clearance bodies, explains Saatchis’ general manager of greater China,

King Lai, an American-raised Chinese, now based in Beijing. ’The 1997

issue needs to be very clearly examined when you talk about agency

management - is Hong Kong still going to be a centre of influence, or

just another Southern Chinese city?’ he adds.



With its key client, Procter and Gamble, thrusting hard into the PRC,

and Chinese billings accounting for 68 per cent of its 1996 total,

Saatchis’ greater China operation has an incentive to shuffle resources.

But overall, agencies are still split on the question of lead markets

and suitable structuring.



McCann-Erickson claims to have answered this by fully integrating Hong

Kong and China operations in 1996, creating separate profit centre

offices with individual decision-making heads.



But the reporting line still ends in Hong Kong for others, including

Grey, Euro RSCG Ball, and Bates - despite it having the fastest growing

China billings of any agency last year, USdollars 14.5 million, up 49

percent on 1995. Bates’s managing director, Jeffrey Yu, believes the

more mature territory will keep its edge for Southern China, with

Shanghai emerging as the centre for the North. Even local Chinese

clients have indicated they’d prefer to come to Hong Kong with

assignments than go through Guangzhou.



At Batey Ads, Asia’s biggest independent network, the sentiment is

similar.



Only account servicing is done through a local partnership in Beijing,

with creative and planning roles rooted in Hong Kong. That’s proved a

cost-effective strategy, says the agency’s chief executive officer and

creative director, Mike Fromowitz, considering the expense involved in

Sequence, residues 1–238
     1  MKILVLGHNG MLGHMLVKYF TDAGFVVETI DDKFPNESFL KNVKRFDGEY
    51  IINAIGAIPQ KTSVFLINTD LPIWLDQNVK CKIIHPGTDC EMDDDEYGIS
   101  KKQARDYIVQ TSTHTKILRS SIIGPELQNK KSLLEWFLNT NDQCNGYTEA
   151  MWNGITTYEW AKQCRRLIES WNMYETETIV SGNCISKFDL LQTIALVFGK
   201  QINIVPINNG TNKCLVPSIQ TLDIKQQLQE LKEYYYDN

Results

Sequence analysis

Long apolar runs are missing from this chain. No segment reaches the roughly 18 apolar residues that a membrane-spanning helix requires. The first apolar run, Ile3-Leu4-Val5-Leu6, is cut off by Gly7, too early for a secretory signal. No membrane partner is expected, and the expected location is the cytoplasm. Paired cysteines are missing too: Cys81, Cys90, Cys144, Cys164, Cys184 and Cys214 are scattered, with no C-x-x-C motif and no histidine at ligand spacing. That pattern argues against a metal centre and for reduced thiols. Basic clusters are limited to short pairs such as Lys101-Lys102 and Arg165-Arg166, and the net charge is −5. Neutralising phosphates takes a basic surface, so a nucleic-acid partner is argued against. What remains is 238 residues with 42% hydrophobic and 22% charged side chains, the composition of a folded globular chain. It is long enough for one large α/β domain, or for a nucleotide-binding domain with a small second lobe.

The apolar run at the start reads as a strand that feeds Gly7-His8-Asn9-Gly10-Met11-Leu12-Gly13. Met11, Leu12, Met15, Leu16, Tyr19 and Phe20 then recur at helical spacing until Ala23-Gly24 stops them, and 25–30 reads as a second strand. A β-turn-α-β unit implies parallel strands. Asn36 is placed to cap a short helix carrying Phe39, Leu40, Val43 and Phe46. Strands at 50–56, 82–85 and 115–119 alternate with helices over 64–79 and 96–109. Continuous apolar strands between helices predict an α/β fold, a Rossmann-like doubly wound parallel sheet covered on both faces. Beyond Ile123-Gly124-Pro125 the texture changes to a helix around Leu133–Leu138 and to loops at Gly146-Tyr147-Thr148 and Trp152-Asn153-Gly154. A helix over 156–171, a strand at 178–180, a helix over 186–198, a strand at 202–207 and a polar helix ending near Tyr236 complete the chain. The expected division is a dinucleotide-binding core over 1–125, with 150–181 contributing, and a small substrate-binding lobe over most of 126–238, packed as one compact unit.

full-scale expansion.



Fully-fledged joint venture set-ups may allow direct purchase of media,

but local partnership arrangements staffed mainly by locals keep costs

down.



Although the group has lost pitches to networks with greater mainland

ammunition, there’s a flip side: Fromowitz is hopeful of picking up a

big mainland client, attracted by its creative track record. Hong Kong,

he says, has the opportunity to maintain its pre-eminence as long as it

maintains its level of expertise.



That’s a worry. Agencies concentrating hardest on mainland China - O&M,

Grey and Saatchis among them - are thinly spread. And Singapore is

starting to challenge Hong Kong as an alternative regional ad hub.



There remains a shortage of seasoned ad people with managerial

know-how.



Those planted in China must also be able to add local context - a

challenge for Westerners. Nonetheless, the chairman of Grey, Vivica

Chan, hopes the learning curve in China will be ten years - compared

with the 20 years it’s taken to develop Hong Kong’s talent pool.



Hong Kong is still the lead market for talent, people and technology but

China is the main business base now. ’But I don’t agree with those who

feel the Hong Kong end is suffering,’ Chan says.



Top executives pulling the strings from Hong Kong find they spend half

as much time supervising activity over the border as they did a year

ago, as more experienced staff are lured to senior positions there. As

the Tiananmen clock ticks towards reunification, that’s surely a sign

that the power base is shifting.